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North Park Ice Fishing Report 12/23/12
Lake John Resort
Happy Holidays everyone! I hope this report catches each of you enjoying the Christmas Season while finding a little well deserved time off to relax with family and friends. If the family and friends are the reason you havenít been able to relax, maybe a day or two of solitude whilst ice fishing atop one of North Parks many lakes will do the trick. Youíve earned it. Especially if you were good and Santa squeezed some new toys down the chimney for you to play with. Everyone knows that sportsmen and women are the easiest to please at Christmas, itís just getting that new Ďman caveí style ice hut down the smokestack that may be challenging. But not to worry, Olí St. Nick knows the security code and has a key to the garage. Besides, there are a countless number of undersized yet worthwhile winter fishing gifts that will fit through the flue with only minimal force. In any case, grab your ice angling gear, no matter new or heavily-used and get up here. The cold water fishing is heating up.

Cold-footers on area lakes are getting more plentiful as ice thickens and weekends pass. Iím sure the next week will see even more hard water walkers with many sportsmen having time off over the holidays. The trip to North Park has been well worth it for those ice fishermen who have made the trip thus far. Lake John, Cowdrey Lake, and all three Delaney Butte lakes are kicking out fish. To date, Cowdrey Lake has the most ice, about 9 inches. It is fishing well, however the people I have talked to that have fished it most recently, havenít caught anything big--yet. To my knowledge, Cowdrey didnít have any winter or summer kill, so should be in pretty decent shape. If you recall, this small impoundment won the fishing contest last year, and should be a sleeper for some trophy fish again this season.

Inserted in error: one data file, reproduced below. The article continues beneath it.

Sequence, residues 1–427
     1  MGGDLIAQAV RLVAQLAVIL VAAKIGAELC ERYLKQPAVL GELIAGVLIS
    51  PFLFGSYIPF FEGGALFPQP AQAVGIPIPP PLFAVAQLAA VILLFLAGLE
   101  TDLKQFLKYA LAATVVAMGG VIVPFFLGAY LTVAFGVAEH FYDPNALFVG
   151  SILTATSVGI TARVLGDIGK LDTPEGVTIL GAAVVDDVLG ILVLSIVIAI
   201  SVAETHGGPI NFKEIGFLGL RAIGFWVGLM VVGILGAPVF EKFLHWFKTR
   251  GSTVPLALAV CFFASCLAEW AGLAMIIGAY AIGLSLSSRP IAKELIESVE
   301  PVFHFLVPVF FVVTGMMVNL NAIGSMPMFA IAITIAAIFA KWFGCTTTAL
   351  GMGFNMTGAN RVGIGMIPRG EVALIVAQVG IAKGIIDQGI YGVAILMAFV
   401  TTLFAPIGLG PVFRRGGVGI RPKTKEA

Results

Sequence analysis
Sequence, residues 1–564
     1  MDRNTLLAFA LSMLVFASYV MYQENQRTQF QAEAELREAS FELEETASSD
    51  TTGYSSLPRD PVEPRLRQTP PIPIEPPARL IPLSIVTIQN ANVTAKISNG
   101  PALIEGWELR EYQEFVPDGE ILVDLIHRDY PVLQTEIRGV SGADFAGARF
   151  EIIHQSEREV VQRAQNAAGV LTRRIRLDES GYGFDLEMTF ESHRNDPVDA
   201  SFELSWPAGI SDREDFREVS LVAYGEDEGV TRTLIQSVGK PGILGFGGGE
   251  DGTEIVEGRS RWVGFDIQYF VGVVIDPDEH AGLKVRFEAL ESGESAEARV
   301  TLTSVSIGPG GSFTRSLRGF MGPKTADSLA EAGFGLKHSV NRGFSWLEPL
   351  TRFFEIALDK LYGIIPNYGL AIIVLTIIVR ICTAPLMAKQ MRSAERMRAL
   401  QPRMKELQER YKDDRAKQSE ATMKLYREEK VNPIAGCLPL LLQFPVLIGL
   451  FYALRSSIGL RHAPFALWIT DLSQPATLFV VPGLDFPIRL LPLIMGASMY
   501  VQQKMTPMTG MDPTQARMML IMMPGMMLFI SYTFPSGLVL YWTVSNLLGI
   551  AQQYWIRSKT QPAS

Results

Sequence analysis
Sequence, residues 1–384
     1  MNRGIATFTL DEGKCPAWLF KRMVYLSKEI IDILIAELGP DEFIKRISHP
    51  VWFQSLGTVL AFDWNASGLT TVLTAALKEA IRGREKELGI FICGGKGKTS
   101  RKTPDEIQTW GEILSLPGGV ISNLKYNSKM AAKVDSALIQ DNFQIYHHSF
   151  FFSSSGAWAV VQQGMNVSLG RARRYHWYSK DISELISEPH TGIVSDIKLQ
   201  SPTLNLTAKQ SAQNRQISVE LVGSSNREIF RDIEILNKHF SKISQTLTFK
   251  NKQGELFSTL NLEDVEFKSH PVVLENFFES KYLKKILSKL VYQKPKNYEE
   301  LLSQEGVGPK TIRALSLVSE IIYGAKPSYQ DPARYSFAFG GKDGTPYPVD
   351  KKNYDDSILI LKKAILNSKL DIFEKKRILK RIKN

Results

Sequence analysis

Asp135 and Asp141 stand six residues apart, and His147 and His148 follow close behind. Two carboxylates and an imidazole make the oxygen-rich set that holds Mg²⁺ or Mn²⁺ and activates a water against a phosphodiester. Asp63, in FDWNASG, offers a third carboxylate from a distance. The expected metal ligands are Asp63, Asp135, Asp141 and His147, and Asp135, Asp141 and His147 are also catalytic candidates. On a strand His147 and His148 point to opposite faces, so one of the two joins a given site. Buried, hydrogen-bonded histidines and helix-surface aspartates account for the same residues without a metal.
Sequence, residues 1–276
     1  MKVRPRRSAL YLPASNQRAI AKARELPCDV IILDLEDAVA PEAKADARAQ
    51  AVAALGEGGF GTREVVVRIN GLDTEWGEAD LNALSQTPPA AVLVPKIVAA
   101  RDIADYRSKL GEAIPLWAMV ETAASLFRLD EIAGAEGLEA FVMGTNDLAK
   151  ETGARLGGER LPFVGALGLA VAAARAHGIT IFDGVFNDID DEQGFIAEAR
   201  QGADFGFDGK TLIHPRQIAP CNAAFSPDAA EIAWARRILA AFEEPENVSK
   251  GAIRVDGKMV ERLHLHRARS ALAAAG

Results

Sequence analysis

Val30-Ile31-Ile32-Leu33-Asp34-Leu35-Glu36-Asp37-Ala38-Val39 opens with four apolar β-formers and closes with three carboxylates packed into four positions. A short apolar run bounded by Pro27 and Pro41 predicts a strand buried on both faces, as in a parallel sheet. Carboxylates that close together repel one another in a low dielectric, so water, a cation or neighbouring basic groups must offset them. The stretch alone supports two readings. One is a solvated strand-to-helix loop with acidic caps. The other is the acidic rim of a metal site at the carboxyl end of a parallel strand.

Over on the Delaney trio, the East Lake seems to be putting out the best numbers, although trout are running small. There are some real dandies in this pond, though finding them can be a chore. Reports are 7 inches of ice, give or take. Local angler Gary Arnold has had good success using his own hand-tied fly designs of beadhead nymphs. Imitation egg flies are also a good bet, as well as one of my favorites, Tiny Worms on a 32nd or 48th oz. lead head. South Delaney Lake holds some true bruisers, however has been a little stingy lately, at least for the truly big fish. Gary relates catching fish in a variety of lengths ranging from barely double digits to high teens, again with flies. Ice thickness is on a gradual increase, keeping up with East. Ultimately, the information and re-counts that I have gathered describe North Delaney Butte as currently fishing the best of these three. This is the reservoir that routinely puts out the hogs. Although I havenít personally heard of any wall hangers to this point of the season, Iím certain some wild stories are out there. What I have taken notice of from several ice goers, is the consistency North has been displaying. I believe this will change to more sporadic as the winter moves on, however take advantage while the gettiní is good. Very decent, mostly slot fish of Browns and Rainbows are being taken on Squirminí Squirts, Teaser (curly) Tails, and Minnow Tubes in white and crawdad colors. 8, 10, even a dozen fish can be landed in a matter of only a few hours. Ice thickness is consistent with the other two Buttes and I havenít learned of any weak spots. A word to the wise: read the signs around these lakes. All three lakes are looked at as one for limits and quantities, and now have all the same regulations. Flies and lures only, no bait allowed, and slot limits on all fish, to name a few. Read the fishing booklet for all the details and be legal.

The gift that keeps on giving this season is the way Lake John is putting out trout. I honestly donít know of any easier, more productive ice fishing anywhere. 7 to 8 inches of ice with 2 to 4 inches of snow, and Iím beginning to see ATVs leaving their tracks. The surface can be slick, even under the snow, so creepers are a good bet. The trout vary in size from 12 to 16 inches, and are biting on just about everything. Bring the family and kids, put on a Rat Fink, Shrimpo, Ratso or Tear Drop with a piece of worm meat, and tell them to hang on to the rod. Jig a lure, like a Kastmaster, Z-Ray or Dardevle. Replace the treble hook with a single, and make the fishís return to freedom simple. Waggle a tube jig or Gitzit. Finesse with a fly. It doesnít much matter. Teach the kids good catch and release techniques, while at the same time, letting them clean a few for dinner. But most importantly, have fun and relax. Youíve earned it.

Bill Willcox

Lake John Resort